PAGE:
OCULOMOTOR (III), TROCHLEAR (IV) AND ABDUCENS (VI) NERVES
A lesion of the III nerve produces impairment of eye and lid movement as well as disturbance of pupillary response.
Pupil: The pupil dilates and becomes 'fixed' to light.
Shine torch in affected eye - contralateral pupil constricts (its III nerve intact). Absent or impaired response in illuminated eye.
When light is shone into the normal eye, only the pupil on that side constricts.
Ptosis: Ptosis is present if the eyelid droops over the pupil when the eyes are fully open. Since the levator palpebrae muscle contains both skeletal and smooth muscle, ptosis signifies either a III nerve palsy or a sympathetic lesion and is more prominent with the former.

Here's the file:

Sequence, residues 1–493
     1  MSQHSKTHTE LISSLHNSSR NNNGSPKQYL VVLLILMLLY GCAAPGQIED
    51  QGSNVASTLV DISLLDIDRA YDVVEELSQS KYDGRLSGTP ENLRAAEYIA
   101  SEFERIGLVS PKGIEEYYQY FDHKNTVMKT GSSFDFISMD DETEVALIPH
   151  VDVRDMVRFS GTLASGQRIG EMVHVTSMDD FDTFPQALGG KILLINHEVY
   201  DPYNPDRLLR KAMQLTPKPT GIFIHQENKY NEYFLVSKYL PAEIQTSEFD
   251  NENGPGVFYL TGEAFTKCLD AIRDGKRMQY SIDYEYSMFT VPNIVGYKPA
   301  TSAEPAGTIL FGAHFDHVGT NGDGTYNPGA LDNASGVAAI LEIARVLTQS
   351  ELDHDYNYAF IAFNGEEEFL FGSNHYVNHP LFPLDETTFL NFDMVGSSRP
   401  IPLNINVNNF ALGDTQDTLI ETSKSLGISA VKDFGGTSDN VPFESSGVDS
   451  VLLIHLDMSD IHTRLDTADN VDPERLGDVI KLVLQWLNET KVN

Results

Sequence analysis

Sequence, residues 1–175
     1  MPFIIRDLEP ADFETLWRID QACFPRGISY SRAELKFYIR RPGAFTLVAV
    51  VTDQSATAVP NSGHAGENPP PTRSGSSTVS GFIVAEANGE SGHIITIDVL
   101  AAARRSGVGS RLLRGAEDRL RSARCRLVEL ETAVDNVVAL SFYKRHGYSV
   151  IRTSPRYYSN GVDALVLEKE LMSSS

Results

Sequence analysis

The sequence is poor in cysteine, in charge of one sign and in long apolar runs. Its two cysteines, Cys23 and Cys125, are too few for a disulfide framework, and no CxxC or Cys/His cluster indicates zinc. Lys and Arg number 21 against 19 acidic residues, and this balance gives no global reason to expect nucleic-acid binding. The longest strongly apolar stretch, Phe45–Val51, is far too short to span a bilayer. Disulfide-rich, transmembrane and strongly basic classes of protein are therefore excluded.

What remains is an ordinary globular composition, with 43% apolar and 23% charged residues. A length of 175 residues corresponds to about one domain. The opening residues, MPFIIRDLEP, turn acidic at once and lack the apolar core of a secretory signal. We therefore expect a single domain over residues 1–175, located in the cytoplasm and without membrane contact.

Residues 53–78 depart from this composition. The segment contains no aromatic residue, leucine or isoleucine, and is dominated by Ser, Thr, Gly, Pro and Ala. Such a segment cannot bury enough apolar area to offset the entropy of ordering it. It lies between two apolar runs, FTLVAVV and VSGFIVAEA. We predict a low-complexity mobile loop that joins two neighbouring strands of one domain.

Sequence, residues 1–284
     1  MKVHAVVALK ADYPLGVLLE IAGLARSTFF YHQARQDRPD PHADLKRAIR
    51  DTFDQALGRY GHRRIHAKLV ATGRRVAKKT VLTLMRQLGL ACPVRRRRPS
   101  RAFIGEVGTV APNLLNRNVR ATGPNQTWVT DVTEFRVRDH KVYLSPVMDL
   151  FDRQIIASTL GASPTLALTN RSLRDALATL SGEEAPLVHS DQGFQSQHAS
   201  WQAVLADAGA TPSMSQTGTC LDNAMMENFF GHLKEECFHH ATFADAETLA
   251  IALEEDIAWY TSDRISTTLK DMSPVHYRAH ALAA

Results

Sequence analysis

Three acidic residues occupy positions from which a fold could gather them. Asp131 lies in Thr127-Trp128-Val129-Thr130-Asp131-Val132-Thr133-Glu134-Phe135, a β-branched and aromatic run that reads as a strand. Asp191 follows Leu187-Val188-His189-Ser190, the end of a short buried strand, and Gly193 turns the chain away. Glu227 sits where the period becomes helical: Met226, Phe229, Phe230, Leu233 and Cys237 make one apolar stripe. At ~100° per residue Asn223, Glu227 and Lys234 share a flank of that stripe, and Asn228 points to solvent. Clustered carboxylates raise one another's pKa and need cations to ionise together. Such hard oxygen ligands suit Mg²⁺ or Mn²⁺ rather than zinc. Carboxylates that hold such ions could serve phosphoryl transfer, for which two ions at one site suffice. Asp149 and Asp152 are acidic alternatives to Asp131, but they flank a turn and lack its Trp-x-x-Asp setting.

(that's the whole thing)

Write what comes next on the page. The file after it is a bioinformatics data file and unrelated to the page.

Steady the patient's head and ask him to follow an object held at arm's length. Observe the full range of horizontal and vertical eye movements.
Note any malalignment or limitation of range.
Examine eye movements in the six different directions of gaze representing maximal individual muscle strength.
Looking up and out superior rectus \
Looking up and in inferior oblique
Looking down and out inferior rectus
Looking down and in superior oblique
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